Rising 3L Keila Molina considers returning to her Mexican roots for her summer internship a dream come true. Since she came to Regent Law for the sole purpose of learning how to be an advocate for abused and neglected children, her internship at Casa Alianza-which works with orphans and street children in Mexico-is tailored to combine her cultural heritage with her burden for children. "This internship is allowing me to exemplify the love of Jesus Christ... and be His hands and feet." Keila is fluent in Spanish and English and is making the most of her time by augmenting her Spanish legal vocabulary. In addition to her work with Casa Alianza she is developing a relationship with a kindred spirit in Mexican Congresswoman Rosa Maria Orozco who, like Keila, entered her profession to combat the exploitation of children.
First year law student Marie Krouse is one of four Regent Law students spending the summer working for the Richmond Justice Initiative (RJI) in the fight against domestic human trafficking. As an intern with RJI's policy and legislation team she is gaining great insight and experience on the life-journey of a bill, from its inception to its enactment as a law. She is also thankful to bring light to one of the greatest areas of darkness in the world. "By seeking to raise awareness of the issue of human trafficking and lobbying for laws against it, we are defending those who can't defend themselves and being the voice and love of God in a place where most have lost all hope."
Matthew Watson is a rising 2L who was drawn to the Richmond Justice Initiative (RJI) for many reasons. "Regent University's motto, 'Christian leadership to change the world,' is happening right now at RJI. I believe I have been called to advocate and defend those who cannot do so for themselves." Not only is working with this modern day faith-based abolitionist organization giving him experience doing research and drafting legal documents that are directly impacting the human trafficking trade, but it is serving as a great opportunity for him to network and make contacts in the field which he intends to pursue after graduating in 2013.
A diverse background and sensitivity to cultural differences are gifts that first year law student Monica Ryou is excited to draw from and share in her summer internships and future legal endeavors. She is spending the summer in her home country of South Korea working between Somyoung Law Firm and Advocates for Public Interest Law which focus on international religious freedoms and human trafficking. She considers these internships a part of how she can show gratitude to both countries which have helped form her identity as a Korean-American. "It is my responsibility to give back those blessings and opportunities so that my action would inspire the future immigrants to do the same thing when they achieve their dream."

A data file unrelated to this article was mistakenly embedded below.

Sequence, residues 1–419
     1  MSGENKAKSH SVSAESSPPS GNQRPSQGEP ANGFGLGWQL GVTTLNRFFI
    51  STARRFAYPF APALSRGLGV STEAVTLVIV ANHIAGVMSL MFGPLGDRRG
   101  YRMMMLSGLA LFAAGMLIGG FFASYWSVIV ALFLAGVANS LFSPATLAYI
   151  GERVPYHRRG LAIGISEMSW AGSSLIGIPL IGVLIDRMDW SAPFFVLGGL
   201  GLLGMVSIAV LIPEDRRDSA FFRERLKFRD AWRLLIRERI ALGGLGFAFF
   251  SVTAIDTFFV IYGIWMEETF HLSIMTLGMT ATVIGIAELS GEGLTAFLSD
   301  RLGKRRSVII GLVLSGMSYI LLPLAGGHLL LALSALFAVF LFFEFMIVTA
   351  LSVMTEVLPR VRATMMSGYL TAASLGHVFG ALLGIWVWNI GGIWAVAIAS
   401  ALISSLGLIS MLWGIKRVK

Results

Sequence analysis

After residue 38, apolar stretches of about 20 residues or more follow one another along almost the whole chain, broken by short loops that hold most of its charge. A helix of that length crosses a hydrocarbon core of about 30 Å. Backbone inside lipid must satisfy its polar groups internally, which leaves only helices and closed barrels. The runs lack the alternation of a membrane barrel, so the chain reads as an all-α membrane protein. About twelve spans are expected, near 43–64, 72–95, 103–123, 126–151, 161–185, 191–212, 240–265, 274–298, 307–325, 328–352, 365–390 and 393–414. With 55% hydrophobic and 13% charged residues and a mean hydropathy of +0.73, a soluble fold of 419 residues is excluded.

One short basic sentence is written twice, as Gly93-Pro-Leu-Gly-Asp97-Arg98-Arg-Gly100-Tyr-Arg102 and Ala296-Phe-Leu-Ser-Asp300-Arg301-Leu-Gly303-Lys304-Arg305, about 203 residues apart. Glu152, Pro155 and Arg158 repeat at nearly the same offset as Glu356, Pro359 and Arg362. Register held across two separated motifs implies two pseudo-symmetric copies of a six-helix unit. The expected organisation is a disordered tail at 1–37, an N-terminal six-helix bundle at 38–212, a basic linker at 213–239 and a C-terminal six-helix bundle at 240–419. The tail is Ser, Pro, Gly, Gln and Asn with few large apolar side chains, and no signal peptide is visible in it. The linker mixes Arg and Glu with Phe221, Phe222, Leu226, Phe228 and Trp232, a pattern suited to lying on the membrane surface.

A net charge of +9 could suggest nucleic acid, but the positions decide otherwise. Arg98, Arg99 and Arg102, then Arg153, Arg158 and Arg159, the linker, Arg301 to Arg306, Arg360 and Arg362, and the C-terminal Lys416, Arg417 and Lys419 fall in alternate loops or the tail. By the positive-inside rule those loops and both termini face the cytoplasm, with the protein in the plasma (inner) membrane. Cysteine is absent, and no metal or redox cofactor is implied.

First year law student Natalya Merkuryeva-Dennett is from Saint Petersburg, Russia and is glad to be returning to her home country to intern at Moscow's Soprotivlenie. At this non-profit organization Natalya is working first-hand with the witnesses and victims of crimes who do not know the law or their rights, and who cannot afford to hire the attorneys they so desperately need. Not only that, but she is excited to be learning the criminal code of the Russian Federation and to help organize "Victim Support Europe," a conference that unites similar organizations from all across the continent. She has a point-blank understanding of her work that helps to put a calling to the legal profession into refreshing perspective. "I think this experience is amazing. A lot of people don't know the law and don't know about their rights, so I talk to the victims of crimes and use my knowledge of the law to help them."
Few people have the unwavering resolve that drives rising 2L Nicole LeBoeuf. "I believe that human trafficking is one of the most despicable crimes to ever exist. Traffickers generally prey on the poor, needy, and destitute and it's a crime that typically targets children and women. I think it's our Christian duty to fight human trafficking." She is excited to spend her summer interning with the Richmond Justice Initiative (RJI), working alongside legislators, attorneys, the attorney general, and other political leaders to amend Virginia human trafficking laws and secure more funding for the fight against modern day slavery. "The Lord called me to the legal profession for this specific purpose."
Stephen Seefried is a rising 3L who believes that his calling is directly tied to the mission of the Center for Global Justice. "My goal is to advance the gospel, human rights, and social justice in the United States and abroad through competent criminal prosecution, defense, and legal consultation. The Center's mission to promote human rights and the rule of law coincides entirely with my goal." His summer internship with the Richmond Justice Initiative-where he and three other interns from Regent are combating human trafficking at the legislative level- is providing the invaluable insight and experience that are crucial to his pursuit of those goals.